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Nah...just get a small elastic band and wrap it around the fins (not fin to fin, but one elastic band per fin). If you can source black elastic bands from inner tubes, you won't even notice them. This is a common fix and should get rid of the rattle.
 

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I am not loving the same issue. I tried the rubber bands made from inner tubes and it helped a bit but the problem was still there. Any other fixes?
 

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Anybody ever notice when holding down on the brake, the bike rocks forward and back. It was pretty noticeable on the my front brake. I thought I had a lose headset but its actually the brakes. When you clamp on the lever and rock the bike, you can see the pads moving.
 

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Anybody ever notice when holding down on the brake, the bike rocks forward and back. It was pretty noticeable on the my front brake. I thought I had a lose headset but its actually the brakes. When you clamp on the lever and rock the bike, you can see the pads moving.
Yes, the pads move quite a bit, IMO. I too thought I had a loose headset, they move that much. Now that I know what's going on, I'm not that concerned about it. I'll probably opt for the non-finned pads when my existing pads are due for replacement.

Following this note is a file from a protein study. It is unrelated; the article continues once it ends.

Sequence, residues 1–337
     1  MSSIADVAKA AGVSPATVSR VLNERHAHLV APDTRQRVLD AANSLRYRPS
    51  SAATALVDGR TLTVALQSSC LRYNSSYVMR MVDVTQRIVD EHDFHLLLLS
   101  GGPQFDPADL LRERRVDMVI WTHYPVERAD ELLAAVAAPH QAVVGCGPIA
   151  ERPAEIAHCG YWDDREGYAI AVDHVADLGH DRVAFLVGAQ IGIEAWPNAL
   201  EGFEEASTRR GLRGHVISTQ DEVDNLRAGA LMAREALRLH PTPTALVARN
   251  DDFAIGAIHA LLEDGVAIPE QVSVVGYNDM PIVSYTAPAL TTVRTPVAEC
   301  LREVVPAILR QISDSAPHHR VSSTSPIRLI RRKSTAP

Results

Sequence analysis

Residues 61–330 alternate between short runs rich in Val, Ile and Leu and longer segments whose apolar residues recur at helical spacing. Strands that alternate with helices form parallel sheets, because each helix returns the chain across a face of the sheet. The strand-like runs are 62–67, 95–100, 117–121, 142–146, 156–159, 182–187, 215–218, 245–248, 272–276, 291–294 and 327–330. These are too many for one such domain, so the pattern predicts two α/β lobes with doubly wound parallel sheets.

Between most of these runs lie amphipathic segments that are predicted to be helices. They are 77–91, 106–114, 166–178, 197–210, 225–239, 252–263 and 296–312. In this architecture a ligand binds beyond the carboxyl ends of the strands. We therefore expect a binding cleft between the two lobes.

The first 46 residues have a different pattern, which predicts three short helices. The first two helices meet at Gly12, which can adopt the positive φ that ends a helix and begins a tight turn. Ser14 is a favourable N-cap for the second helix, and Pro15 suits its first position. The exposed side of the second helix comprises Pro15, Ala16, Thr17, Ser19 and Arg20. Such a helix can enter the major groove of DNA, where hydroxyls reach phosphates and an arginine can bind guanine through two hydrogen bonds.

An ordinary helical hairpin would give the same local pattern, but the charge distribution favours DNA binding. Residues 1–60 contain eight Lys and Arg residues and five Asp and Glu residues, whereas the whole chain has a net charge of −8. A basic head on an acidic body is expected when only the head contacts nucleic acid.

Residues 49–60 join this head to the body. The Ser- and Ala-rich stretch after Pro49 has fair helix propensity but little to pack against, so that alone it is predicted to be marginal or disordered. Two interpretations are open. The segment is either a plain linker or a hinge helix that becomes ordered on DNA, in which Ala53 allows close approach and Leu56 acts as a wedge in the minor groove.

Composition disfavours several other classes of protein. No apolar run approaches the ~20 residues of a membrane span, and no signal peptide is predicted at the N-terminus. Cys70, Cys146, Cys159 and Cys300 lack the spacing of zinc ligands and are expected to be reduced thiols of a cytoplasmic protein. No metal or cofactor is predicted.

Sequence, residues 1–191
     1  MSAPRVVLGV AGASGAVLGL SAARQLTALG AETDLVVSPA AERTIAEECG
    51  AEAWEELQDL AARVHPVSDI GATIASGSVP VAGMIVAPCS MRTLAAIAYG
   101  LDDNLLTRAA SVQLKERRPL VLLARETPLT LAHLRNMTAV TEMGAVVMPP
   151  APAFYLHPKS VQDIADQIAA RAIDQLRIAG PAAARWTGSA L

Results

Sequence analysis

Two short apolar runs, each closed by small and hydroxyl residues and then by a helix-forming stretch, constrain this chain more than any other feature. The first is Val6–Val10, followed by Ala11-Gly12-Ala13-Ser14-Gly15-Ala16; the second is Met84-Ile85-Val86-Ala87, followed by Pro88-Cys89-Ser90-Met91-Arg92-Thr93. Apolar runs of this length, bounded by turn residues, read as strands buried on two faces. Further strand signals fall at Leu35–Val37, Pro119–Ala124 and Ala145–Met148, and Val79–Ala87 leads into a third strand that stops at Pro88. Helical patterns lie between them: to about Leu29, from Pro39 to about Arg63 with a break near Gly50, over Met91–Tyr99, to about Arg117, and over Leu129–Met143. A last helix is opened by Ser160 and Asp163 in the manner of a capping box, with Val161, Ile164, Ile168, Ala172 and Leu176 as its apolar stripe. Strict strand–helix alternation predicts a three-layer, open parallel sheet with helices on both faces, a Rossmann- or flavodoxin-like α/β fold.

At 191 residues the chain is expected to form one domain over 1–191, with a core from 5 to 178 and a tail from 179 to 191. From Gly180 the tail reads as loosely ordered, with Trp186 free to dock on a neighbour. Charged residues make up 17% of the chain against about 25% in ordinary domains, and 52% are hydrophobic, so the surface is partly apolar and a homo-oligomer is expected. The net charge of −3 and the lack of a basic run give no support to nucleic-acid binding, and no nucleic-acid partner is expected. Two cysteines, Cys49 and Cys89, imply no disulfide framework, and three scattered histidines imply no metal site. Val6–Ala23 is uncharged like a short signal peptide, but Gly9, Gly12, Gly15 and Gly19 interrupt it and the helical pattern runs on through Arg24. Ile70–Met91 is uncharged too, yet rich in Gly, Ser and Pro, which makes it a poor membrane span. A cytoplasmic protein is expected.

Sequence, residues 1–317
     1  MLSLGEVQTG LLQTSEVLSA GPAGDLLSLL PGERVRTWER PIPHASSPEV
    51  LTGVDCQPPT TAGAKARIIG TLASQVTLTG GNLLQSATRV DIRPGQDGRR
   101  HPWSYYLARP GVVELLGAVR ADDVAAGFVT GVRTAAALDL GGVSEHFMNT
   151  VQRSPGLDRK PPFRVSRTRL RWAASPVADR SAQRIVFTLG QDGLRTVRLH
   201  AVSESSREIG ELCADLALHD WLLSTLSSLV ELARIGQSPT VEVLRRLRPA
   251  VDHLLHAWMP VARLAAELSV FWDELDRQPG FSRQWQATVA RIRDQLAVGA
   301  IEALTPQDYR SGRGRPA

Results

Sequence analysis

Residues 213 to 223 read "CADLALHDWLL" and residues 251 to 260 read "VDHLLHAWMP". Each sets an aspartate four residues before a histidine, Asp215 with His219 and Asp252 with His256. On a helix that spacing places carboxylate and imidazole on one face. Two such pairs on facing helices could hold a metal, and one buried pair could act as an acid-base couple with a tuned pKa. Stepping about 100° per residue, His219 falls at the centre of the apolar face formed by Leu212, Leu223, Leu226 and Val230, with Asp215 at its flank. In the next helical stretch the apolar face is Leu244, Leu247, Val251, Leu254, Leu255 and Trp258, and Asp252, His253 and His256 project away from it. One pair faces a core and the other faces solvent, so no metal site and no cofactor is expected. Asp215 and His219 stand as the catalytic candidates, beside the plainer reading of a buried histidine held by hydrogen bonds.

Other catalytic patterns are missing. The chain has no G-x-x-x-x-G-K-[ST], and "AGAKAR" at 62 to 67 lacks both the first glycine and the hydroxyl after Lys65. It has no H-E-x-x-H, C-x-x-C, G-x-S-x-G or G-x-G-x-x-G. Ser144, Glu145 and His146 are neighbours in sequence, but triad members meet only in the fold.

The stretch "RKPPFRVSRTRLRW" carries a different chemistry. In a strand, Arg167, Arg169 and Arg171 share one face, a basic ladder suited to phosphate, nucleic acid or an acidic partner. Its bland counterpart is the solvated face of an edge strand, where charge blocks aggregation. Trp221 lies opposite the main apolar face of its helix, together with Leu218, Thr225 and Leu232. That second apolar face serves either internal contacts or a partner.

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Anybody ever notice when holding down on the brake, the bike rocks forward and back. It was pretty noticeable on the my front brake. I thought I had a lose headset but its actually the brakes. When you clamp on the lever and rock the bike, you can see the pads moving.
A lot of disc brakes do this. You'll notice that if you apply more pressure, there is enough friction between the pad and piston and they stop sliding around in the caliper. So squeeze harder when you're actually trying to check your headset.

Yes, I noticed the rattling noise as well when I installed my brakes. I bent the pad springs a little but now I think I've just gotten used to it. Just a consequence of having the fins on there to dissipate heat. Which IMO is more important than a little rattle.

Don't think there's really much of a way to solve it.
 

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I am not loving the same issue. I tried the rubber bands made from inner tubes and it helped a bit but the problem was still there. Any other fixes?
I noticed this immediately on my Saint breaks, I really don't understand how the pro's who ride this equipment would stand for this.
I took an old inner tube and cut a section about 3mm wide with scissors. I then wound it between the fins from top to bottom then around the backside of the fin surface. This provides a rubber bumper between the caliper and the pads that has completely stopped the noise. Visually you cant see it and it has not moved or broken at all. It also allows the pads to move freely.
Stupid you have to go through this to have a silent bike really.......but it works.
\
 

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The Saints on my DH bike have gotten noisy with the rattle. Sort of rattles me when concentrating on the trail. Thanks for the ideas on the fix.


Edit....

Just pulled the pads and noticed quite a bit of wear. Maybe the diminished pad size allows less tension on the spring and more wiggle room. Perhaps its sort of a built in alarm system by Shimano letting you know its time to replace the pads. I stretched the spring out a bit to apply more tension. Will also pay attention if replacing with new pads helps.